Apart from being fascinated by the Founders Hub’s 3D printer (we managed to print a bottle opener to crack open our beers!), we were really impressed with the interesting conversations and provocative debate that followed Daniele Procida and Sam Knight’s presentations.
First up, it was really inspiring to hear Sam Knight talk about his motivations behind setting up and developing Your Senedd. Your Senedd is your go-to website to find out about the Welsh Assembly; whether you want to know who your Assembly Member is, their background and what speeches they’ve made, or read recent debates, it’s all there. You can even sign up for the weekly newsletter that gives an overview of what the Assembly is working on that week and what odd Assembly terminology actually means.
It’d be fantastic if TheyWorkForYou also covered the Welsh Assembly, as we do with the Northern Ireland Assembly and the Scottish Parliament, but we don’t currently have the time or resources ourselves — in fact, both those assemblies were mainly done by volunteers.
If you’re interested in volunteering to help out, please join the mailing list.
Sam set up Your Senedd back in 2011 in order to help more Welsh people engage with their Assembly, after hearing that only half of Welsh people knew who their first minister was. He also wanted to find a way to provide the Welsh public with information from the Assembly that wasn’t just inflammatory or sensational, as in the pre-Your Senedd days most of the Welsh Assembly debates reported by the mainstream media were ones that provoked anger, meaning that the public didn’t get to hear about the debates that really did matter to them. Your Senedd provides the public with impartial information about all Assembly debates.
The future of Your Senedd
Sam has improvements in mind for the website too: as with TheyWorkForYou, he plans to show Assembly Members’ voting history; he’d like to produce easy-to-read guides on how the Assembly works and how the public can get involved; and he would like the site to become more of a two-way conversation, instead of a one-way broadcaster. He plans to put all of the Assembly’s Statements of Opinion (similar to Westminster’s Early Day Motions) on the site and encourage the public to vote on them. What a great way to get people more involved with politics!
Your Senedd doesn’t just encourage the public to engage more in Welsh politics – Sam said that one Assembly Member was so scared that his lack of participation in debates shown on his Your Senedd page would damage his reputation, that he’s been involved with every debate since! Scaring Assembly Members into action wasn’t part of Sam’s original motivation, but it’s certainly an added benefit!
If you have any questions for Sam, or any ideas of how Your Senedd could be improved or shared, please give him a tweet.
Daniele Procida: ‘The Bodiless Head of the Programmer’
Our second talk of the night was by Daniele Procida, who gave us an exclusive preview of his presentation for DjangoCon Europe, where he’ll be presenting in May. Daniele is co-organiser of DjangoCon Europe and runs DjangoCMS, as well as managing the University of Cardiff’s School of Medicine’s website.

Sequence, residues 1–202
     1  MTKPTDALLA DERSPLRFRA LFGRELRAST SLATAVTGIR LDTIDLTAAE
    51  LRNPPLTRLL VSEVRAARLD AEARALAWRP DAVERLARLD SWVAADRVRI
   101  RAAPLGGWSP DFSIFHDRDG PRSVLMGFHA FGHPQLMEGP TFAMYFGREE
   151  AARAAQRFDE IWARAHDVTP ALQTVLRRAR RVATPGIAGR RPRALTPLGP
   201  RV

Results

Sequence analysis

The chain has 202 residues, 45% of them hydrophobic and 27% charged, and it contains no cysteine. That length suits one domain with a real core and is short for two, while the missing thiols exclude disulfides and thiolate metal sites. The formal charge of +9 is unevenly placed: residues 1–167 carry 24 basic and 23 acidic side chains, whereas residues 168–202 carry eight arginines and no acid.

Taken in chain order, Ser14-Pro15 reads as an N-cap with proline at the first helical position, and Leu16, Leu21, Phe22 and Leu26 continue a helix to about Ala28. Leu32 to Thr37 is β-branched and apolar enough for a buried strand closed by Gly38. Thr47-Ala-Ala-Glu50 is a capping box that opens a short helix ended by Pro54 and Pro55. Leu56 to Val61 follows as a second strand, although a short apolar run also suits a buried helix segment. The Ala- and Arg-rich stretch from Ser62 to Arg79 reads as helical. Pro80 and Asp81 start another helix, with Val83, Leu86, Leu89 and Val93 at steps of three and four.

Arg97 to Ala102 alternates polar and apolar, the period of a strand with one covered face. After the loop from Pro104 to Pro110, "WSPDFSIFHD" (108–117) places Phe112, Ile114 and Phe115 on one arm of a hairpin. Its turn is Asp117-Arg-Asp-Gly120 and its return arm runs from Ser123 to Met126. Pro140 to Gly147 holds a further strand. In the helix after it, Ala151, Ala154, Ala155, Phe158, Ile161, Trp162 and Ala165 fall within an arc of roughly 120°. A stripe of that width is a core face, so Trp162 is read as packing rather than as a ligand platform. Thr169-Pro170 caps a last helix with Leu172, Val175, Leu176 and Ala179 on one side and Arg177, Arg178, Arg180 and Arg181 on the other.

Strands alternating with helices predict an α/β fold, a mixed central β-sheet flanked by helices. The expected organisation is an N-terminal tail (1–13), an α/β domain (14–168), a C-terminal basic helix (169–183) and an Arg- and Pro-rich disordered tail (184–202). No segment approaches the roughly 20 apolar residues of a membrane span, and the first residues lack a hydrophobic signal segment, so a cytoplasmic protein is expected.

Daniele’s presentation was called ‘The Bodiless Head of the Programmer’ and drew from his background in philosophy. Daniele asked provocative questions such as ‘Who are the programmers that are increasingly building the world we live in and determining the systems that govern our lives?’ and ‘Does it matter who they are or just what they do?’.
The liberalist stance is that it only matters what people do and not who they are – which as Daniele pointed out, is perfectly good and the correct approach when it comes to the justice system for example, but he questioned this approach when thinking about programmers. According to Daniele, we need to be more concerned about who programmers are, to make sure that not only one type or group of people are building our virtual new world, and therefore not taking into account the needs of those who are different from them.
Daniele’s opinion is that there are currently too many white males in programming which liberalism says doesn’t matter (because the things they make should matter) but actually it does matter, because their inherent privilege affects the things they make and the way they see problems, meaning they can never fully understand the experience of someone who has lived without said privilege.
Daniele’s presentation and thoughts fuelled a really good debate amongst those who came along – a healthy mix of agreement and disagreement was great to see, reminding us that we’re all entitled to our own opinions!
If you’re intrigued by Daniele’s talk and viewpoints – try and check him out at DjangoCon in May.
Many thanks to both Sam and Daniele for coming to do presentations – hope to see you again when we’re back in Cardiff!
Our meet-ups now take place at different cities across the UK on the first Wednesday of every month. The next one will be in Bath on 7th May. Sign up here.
Our programme of meet-ups is open to everyone. So whether you’re an open source veteran, or just a curious newbie interested in anything you see on mysociety.org, please come along.
Applications for this position have now closed.
Are you interested in digital tools, but able to keep an intellectual detachment about their effectiveness? And are you free to do contract work in the next few months? If so, read on.
mySociety is looking for a research specialist with experience in transparency and accountability issues. You may be a freelance researcher, or an agency providing research services.
About mySociety and Alaveteli
mySociety is a not-for-profit social enterprise. Our mission is to invent and popularise digital tools that enable citizens to exert power over institutions and decision makers. We are based in the UK, but support partners who deploy our technologies across the globe, in about 20 countries so far.